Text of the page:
Stoneman Douglas students reshaping the gun debate. TRANSCRIPT: 2/21/2018. All In with Chris Hayes

Jason Kander, Mark Barden

Date: February 21, 2018
Guest: Jason Kander, Mark Barden

CHRIS MATTHEWS, MSNBC HOST: That`s HARDBALL for now. Thanks for being
with us. “ALL IN” with Chris Hayes starts right now.



UNIDENTIFIED FEMALE: You have the power to change this. And if you don`t,
then we will change you.

HAYES: One week after the Florida massacre –

lawmaker out there, we are coming after you.

HAYES: Students across America demand action.

AMERICAN CROWD: Shame on you. Shame on you.

HAYES: Tonight, how the Never Again movement is taking hold. How
lawmakers are responding and how the White House is trying to manage the

for a solution to the school shooting?

HAYES: Plus, how the far right social media and Youtube are allowing the
smearing of survivors.

UNIDENTIFIED MALE: The only time you`re ever doing anything that actually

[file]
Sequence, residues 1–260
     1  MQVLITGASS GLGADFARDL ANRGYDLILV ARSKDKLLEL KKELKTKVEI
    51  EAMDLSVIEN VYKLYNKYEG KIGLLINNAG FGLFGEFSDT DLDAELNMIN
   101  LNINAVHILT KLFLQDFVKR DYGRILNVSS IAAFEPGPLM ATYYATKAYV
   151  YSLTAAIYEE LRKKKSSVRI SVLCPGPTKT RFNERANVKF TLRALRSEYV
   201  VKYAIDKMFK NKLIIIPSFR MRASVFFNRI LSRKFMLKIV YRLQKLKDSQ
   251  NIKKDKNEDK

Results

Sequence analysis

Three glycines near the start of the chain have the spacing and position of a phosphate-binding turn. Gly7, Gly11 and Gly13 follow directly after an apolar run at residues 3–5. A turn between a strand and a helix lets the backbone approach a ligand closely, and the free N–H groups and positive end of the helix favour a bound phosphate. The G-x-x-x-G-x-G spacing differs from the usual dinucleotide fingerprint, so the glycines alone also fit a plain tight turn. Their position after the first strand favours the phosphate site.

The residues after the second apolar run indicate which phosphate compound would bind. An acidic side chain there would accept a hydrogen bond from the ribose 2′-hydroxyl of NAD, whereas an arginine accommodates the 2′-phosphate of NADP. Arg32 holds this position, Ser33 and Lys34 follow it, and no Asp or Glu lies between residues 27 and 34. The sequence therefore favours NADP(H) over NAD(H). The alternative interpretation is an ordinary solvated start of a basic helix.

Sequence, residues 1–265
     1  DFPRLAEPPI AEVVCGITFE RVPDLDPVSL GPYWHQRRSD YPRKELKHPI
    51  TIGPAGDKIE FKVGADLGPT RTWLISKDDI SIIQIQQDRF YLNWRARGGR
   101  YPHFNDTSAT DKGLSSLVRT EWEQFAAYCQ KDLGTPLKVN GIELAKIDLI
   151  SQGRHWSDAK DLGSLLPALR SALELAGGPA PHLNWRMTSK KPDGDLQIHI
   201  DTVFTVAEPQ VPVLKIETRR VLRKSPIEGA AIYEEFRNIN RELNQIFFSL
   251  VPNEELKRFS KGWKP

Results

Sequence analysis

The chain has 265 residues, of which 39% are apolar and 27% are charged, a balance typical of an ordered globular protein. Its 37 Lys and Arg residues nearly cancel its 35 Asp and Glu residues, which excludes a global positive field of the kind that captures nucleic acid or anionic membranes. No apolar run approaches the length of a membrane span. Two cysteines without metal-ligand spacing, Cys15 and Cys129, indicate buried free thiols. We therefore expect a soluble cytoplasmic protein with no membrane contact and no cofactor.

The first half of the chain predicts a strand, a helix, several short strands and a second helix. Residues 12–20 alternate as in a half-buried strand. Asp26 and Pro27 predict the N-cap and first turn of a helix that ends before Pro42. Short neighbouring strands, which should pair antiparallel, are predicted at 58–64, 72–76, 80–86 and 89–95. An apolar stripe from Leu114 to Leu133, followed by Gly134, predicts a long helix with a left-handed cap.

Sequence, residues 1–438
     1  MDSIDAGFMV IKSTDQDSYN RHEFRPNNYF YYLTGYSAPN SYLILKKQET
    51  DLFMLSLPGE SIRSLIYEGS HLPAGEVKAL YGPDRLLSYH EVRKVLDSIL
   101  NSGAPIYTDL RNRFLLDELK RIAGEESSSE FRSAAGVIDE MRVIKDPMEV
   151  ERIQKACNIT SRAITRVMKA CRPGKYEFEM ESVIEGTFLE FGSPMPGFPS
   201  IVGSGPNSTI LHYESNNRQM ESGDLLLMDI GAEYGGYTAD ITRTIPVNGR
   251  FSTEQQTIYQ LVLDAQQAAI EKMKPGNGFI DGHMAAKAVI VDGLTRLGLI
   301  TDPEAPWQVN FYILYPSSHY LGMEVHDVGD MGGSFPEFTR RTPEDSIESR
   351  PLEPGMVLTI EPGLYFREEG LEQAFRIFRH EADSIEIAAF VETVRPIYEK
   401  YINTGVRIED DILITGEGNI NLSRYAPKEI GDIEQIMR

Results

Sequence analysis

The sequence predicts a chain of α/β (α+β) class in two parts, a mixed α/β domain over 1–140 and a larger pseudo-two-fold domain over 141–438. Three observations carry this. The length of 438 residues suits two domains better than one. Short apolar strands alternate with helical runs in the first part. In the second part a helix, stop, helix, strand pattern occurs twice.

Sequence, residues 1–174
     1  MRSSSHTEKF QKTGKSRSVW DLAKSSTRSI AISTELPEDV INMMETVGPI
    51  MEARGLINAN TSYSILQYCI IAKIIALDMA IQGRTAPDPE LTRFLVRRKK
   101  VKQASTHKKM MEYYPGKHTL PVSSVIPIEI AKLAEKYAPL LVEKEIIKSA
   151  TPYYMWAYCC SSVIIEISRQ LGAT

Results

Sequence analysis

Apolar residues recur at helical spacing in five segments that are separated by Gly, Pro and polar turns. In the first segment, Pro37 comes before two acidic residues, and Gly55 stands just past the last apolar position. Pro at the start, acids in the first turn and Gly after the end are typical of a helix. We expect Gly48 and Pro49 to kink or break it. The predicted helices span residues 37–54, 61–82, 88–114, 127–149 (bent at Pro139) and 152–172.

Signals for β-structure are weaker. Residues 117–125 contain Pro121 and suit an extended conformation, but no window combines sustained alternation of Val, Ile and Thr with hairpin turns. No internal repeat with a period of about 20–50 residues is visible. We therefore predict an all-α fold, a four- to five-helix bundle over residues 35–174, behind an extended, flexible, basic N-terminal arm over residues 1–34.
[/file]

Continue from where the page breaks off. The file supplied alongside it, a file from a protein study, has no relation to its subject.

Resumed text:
matters is when people try stopping you.

HAYES: And NBC News exclusive reporting on Paul Manafort as new charges
are reportedly filed.

TRUMP: I think that`s pretty tough stuff.

HAYES: When ALL IN starts right now.


HAYES: Good evening from New York, I`m Chris Hayes. It`s been one week
since a gunman used a legally purchased AR-15 rifle to murder 17 people at
Marjory Stoneman Douglas High School in Parkland, Florida. And in the
usual cycle of gun massacres in America, we would not be talking about it
anymore. After a week has passed, the nation`s attention would have moved
on. But this is what is cable news looked like today a week since the
shooting covering a new movement launch by the survivors. High school
students who through organizing and sheer moral witness are refusing to let
thoughts and prayers be the end of the story. These kids do not accept the
tired and worn out excuses for failing to address the exceptionally high
levels of gun violence in this country. Today the students Stoneman
Douglas storm the Florida State Capitol for the second day in a row staking
out lawmakers offices rallying supporters to their cause. One week since